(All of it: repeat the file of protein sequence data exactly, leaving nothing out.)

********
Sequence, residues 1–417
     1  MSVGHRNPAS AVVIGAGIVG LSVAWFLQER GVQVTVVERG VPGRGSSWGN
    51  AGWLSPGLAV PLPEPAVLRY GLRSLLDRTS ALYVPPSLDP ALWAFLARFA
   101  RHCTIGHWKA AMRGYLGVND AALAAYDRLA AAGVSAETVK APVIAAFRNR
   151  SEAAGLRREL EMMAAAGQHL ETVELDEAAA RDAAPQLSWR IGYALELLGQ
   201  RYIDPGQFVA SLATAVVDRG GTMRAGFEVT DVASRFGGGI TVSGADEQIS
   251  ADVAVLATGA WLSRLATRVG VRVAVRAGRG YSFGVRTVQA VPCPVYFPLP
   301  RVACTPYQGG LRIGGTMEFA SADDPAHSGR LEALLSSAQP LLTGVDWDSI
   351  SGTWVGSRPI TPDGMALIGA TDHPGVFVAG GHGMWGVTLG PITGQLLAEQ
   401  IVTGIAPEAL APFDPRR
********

Sequence, residues 1–417
     1  MSVGHRNPAS AVVIGAGIVG LSVAWFLQER GVQVTVVERG VPGRGSSWGN
    51  AGWLSPGLAV PLPEPAVLRY GLRSLLDRTS ALYVPPSLDP ALWAFLARFA
   101  RHCTIGHWKA AMRGYLGVND AALAAYDRLA AAGVSAETVK APVIAAFRNR
   151  SEAAGLRREL EMMAAAGQHL ETVELDEAAA RDAAPQLSWR IGYALELLGQ
   201  RYIDPGQFVA SLATAVVDRG GTMRAGFEVT DVASRFGGGI TVSGADEQIS
   251  ADVAVLATGA WLSRLATRVG VRVAVRAGRG YSFGVRTVQA VPCPVYFPLP
   301  RVACTPYQGG LRIGGTMEFA SADDPAHSGR LEALLSSAQP LLTGVDWDSI
   351  SGTWVGSRPI TPDGMALIGA TDHPGVFVAG GHGMWGVTLG PITGQLLAEQ
   401  IVTGIAPEAL APFDPRR